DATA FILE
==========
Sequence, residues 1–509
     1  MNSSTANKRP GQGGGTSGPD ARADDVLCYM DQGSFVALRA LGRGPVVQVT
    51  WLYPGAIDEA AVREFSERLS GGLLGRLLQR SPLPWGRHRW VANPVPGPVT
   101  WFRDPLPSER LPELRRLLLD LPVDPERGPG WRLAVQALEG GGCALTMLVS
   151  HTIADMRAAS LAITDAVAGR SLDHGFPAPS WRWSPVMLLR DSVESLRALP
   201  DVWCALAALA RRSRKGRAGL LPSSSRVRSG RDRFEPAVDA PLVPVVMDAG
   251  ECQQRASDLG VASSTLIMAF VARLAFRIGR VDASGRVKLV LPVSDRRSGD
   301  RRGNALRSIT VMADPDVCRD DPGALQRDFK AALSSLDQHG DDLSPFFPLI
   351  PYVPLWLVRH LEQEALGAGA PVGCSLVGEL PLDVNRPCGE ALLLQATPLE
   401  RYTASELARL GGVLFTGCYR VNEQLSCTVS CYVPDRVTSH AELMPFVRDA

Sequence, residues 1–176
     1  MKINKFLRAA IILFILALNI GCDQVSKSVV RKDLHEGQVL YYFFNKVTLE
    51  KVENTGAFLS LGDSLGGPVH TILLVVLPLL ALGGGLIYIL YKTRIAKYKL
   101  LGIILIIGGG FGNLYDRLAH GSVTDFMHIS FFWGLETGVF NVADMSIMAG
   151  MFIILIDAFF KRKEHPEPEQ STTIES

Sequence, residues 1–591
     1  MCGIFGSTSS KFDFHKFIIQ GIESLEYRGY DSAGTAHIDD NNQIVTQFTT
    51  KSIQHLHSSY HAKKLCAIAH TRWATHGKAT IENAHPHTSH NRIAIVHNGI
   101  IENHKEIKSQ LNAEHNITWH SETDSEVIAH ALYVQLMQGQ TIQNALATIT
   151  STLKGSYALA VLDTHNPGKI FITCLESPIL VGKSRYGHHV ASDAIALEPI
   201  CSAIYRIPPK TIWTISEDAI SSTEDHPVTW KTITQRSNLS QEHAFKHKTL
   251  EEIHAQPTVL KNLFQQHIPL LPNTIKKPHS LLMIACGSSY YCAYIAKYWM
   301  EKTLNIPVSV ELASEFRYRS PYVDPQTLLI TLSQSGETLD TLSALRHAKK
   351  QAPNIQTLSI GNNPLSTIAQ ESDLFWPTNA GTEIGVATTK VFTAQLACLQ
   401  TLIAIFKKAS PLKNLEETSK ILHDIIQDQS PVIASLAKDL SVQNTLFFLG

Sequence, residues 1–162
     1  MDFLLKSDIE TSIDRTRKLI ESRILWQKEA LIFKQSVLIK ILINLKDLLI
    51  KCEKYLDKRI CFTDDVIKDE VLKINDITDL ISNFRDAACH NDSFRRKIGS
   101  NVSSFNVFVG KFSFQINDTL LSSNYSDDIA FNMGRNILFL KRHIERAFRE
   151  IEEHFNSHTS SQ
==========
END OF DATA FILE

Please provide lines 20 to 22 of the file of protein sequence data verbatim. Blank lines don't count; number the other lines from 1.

   151  STLKGSYALA VLDTHNPGKI FITCLESPIL VGKSRYGHHV ASDAIALEPI
   201  CSAIYRIPPK TIWTISEDAI SSTEDHPVTW KTITQRSNLS QEHAFKHKTL
   251  EEIHAQPTVL KNLFQQHIPL LPNTIKKPHS LLMIACGSSY YCAYIAKYWM